“What, don’t like the attention of a fat, drunk guy?” He let his mouth drop into a small O of shock.“I’ll tell you what your problem is, and there’s actually two.” He held up a finger, his nail bitten down to a stub. “One, you’re too pretty to be working in a place like this. And two, if you don’t want these bastards to ogle you, you gotta get ‘em something to ogle at. Some old Playboy posters or something. These walls are depressing.” He rocked back on the barstool, proud of his assessment. 

“They can’t tip a poster, but they can tip me,” I said. 

The man next to Rick hawked up a loogie into a napkin.  

“And do they?” Rick asked. I moved down the bar, turning my back so he wouldn’t see my cheeks burn.

“Hey, c’mon, I’m kidding,” Rick whined. “Come back here for a minute. I didn’t bother you for no reason.” He reached into the front pocket of his jeans. On the bar he placed a quarter so oxidized it was impossible to tell heads from tails.

“Heads you give me your number, tails you don’t.”

“If I gave my number to every drunk that asked me, I’d have to throw my phone on the tracks.”

He wiped his mouth with the back of his hand. “So I’m a drunk, huh?” He rolled the quarter between his forefinger and thumb. “C’mon, take a chance, Jo.”

Maybe it was because no one had ever called me Jo before, or maybe it was because I’d had more than a few fingers of whiskey myself. The quarter hung in the air for an eternity, black against the dim light, and landed soundlessly in his palm. He smacked it down on the bar and let me call it. 

What happened next was a spin cycle of intoxication: in the bar, in the cab, in his bed, repeat. It went on for weeks, for months, until we could get more drunk off each other than the liquor. Of course, that didn’t mean we discarded the liquor. We drank, broke bones, had sex, puked in Ubers. Bailey’s in our morning coffees. Sauv Blanc with lunch. Bulleit for dinner. I never craved alcohol the way Rick did, but I craved him, and back then, it was hard to tell when he was Johnnie or Jack or Jameo, or just Rick.

At 2:30 in the kitchen’s quiet I poured myself a second drink. I almost never did this. But there was the matter of the cake in the fridge, fully cooled and naked, waiting to be frosted. And then there was the matter of the occasion. 

I spooned a can of Betty Crocker buttercream into a Ziploc, then snipped the corner and began piping along the golden-brown edges. I smoothed and swirled until it looked store-bought. Then I iced it with a big red number one.

A child’s first birthday party, it could have been. I gulped the gin and told myself that’s what it was for, to save myself from hurling the whole thing against the wall. When the deed was done, I placed it back in the fridge and sat staring at the spot on the kitchen wall that it would have met, had I thrown it. A big mess of red and white debris, the way they said Rick’s brain would have been, had he not been so lucky.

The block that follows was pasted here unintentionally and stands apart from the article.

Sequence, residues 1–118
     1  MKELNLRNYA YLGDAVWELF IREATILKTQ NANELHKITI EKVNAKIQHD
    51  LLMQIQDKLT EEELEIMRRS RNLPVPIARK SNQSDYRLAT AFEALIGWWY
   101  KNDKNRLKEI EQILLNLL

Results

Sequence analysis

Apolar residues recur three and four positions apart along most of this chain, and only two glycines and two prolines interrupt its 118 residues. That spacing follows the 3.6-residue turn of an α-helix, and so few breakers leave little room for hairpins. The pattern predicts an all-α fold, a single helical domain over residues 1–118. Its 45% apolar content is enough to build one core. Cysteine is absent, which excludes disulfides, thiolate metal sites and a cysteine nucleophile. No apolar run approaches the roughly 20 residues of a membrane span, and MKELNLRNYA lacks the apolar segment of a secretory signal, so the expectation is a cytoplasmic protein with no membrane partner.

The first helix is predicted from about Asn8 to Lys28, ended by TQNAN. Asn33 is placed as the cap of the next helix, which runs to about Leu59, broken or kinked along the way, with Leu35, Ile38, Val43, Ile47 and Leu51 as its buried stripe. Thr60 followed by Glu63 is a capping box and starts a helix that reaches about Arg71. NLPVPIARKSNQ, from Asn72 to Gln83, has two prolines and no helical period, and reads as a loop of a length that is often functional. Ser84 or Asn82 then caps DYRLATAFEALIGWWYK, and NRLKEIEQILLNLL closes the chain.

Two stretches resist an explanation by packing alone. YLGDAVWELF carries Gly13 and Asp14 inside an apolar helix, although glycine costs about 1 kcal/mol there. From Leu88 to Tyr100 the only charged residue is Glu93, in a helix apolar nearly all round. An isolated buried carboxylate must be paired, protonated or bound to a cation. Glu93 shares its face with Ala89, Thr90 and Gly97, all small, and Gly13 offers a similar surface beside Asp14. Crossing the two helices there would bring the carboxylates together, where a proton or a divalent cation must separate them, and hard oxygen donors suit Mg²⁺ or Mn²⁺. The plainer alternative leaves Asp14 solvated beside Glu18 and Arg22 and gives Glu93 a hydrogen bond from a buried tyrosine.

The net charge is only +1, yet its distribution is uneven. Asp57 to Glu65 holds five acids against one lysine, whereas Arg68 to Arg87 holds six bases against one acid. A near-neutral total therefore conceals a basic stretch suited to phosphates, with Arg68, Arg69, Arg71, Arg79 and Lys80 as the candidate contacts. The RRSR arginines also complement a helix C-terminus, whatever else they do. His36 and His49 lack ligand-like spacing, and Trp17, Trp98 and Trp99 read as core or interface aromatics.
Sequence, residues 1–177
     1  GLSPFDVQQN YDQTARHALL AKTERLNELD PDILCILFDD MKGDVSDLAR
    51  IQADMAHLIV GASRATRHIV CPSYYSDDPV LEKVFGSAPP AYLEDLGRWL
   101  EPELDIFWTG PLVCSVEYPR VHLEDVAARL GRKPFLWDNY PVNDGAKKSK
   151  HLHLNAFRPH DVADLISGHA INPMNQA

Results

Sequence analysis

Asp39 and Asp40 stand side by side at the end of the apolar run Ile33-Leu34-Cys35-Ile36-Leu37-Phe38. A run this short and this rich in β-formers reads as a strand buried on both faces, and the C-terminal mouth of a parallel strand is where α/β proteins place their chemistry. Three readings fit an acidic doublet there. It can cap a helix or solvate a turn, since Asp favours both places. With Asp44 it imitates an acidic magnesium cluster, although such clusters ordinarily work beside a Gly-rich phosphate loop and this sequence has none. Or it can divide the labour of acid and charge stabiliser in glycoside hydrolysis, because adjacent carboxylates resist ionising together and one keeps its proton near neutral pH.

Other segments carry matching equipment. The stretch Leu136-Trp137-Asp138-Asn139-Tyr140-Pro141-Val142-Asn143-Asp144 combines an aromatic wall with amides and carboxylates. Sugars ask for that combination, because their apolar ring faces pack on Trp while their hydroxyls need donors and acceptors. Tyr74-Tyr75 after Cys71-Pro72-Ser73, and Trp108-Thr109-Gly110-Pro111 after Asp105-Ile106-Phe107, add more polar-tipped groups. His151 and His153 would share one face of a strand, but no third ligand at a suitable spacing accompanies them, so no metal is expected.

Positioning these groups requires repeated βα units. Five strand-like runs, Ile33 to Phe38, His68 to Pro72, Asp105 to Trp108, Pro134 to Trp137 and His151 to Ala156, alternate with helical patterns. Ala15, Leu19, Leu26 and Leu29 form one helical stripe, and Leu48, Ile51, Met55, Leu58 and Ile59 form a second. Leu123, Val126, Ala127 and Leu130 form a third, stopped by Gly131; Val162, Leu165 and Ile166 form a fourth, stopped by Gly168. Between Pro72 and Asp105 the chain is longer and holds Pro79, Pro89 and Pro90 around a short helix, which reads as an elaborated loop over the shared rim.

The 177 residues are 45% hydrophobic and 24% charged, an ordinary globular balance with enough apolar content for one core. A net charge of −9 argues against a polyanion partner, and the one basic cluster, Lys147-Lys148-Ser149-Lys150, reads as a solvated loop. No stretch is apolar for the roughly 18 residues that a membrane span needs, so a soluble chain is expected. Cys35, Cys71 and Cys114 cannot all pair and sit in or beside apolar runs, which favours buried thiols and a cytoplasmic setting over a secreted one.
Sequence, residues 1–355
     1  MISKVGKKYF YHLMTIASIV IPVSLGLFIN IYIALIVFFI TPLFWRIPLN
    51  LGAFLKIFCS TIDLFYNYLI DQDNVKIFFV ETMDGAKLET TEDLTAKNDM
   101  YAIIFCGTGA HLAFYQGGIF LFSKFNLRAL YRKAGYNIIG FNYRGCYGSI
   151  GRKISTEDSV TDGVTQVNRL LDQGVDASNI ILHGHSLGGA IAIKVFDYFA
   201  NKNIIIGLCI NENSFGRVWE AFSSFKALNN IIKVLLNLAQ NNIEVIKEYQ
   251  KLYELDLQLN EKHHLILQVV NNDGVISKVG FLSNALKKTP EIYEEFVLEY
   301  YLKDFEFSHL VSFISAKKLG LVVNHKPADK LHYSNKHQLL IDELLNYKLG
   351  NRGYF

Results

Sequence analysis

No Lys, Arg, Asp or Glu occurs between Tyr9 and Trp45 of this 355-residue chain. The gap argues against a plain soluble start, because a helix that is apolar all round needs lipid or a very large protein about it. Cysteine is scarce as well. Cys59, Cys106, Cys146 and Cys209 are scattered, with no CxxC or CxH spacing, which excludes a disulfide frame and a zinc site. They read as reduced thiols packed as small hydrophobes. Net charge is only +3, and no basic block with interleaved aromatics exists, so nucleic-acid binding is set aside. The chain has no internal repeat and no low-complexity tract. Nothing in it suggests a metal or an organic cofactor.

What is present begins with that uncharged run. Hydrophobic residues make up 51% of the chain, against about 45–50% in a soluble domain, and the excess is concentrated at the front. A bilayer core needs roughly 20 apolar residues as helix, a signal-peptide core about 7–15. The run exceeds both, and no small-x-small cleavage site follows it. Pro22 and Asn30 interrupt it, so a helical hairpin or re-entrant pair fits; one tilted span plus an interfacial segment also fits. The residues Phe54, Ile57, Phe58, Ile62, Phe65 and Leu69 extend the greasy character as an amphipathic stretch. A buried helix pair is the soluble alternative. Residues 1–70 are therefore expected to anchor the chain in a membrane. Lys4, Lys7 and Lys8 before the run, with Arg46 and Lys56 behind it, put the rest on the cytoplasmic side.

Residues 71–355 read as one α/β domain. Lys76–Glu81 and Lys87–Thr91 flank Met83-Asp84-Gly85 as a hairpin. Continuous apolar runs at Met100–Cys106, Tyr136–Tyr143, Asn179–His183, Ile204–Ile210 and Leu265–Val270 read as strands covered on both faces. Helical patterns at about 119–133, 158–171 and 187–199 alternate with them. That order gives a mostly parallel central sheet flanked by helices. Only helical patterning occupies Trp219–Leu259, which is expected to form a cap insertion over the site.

I stared at that spot until my eyes crossed. Hanging on the wall above it were the black and white fuzzy dice, the only thing that survived the accident other than Rick. Before the dice, a portrait of Jesus hung there, a gift from my God-fearing mother on the day that Rick and I moved in. To watch over us when she couldn’t, she’d said. When Rick came home from the hospital, there was a box of his belongings from the wreckage on the kitchen table. The obsolete Honda owner’s manual, Icebreakers Sours, and those goddamn dice, the ones that had once adorned his rearview mirror. 

“What’re you doing?” I asked him as he hobbled across the room, dice in hand. He reached up to the Jesus portrait with a groan and yanked it from the wall, then hung them on the tiny nail head that remained.

“Rick,” I started, but he held up a bandaged hand. 

“I don’t need any reminder of Jesus,” he said. “Only what He did for me.”

In the weeks following the accident, we barely spoke. Friends came to visit with wilted drugstore flowers. They called him a miracle, and he believed it. When he asked me for things—an extra pillow under his elbow, a phone charger—he never called me Jo anymore. Only Jolene. Clinical, sterile, like I was a mass he’d had removed. That’s a Jolene, I imagined his brain telling him. Caught it just in time. 

We’d been fighting day in and day out leading up to the accident. They were our usual blowouts about who couldn’t hold their liquor and what stupid thing one of us had drunkenly said. I loved these fights. I loved when he slammed doors and slurred his words. I loved the fire, the passion, the thrill of almost being able to kill each other, if it weren’t for the fact that we needed each other. But the night of the accident, it’d been different. I’d had too much. I’d slapped him, Cher in Moonstruck-style, for chatting up a slender woman with sticky red lips. None of it felt right. Not the slap, not the curses he spewed, not the public spectacle. He stormed out, climbed into his Civic, and rocketed into the night, until a flat-bed truck brought him to a halt. If the truck had come from the driver’s side instead of the passenger’s, the spectacled resident at Eastfield Medical told me, he would’ve been dead on impact.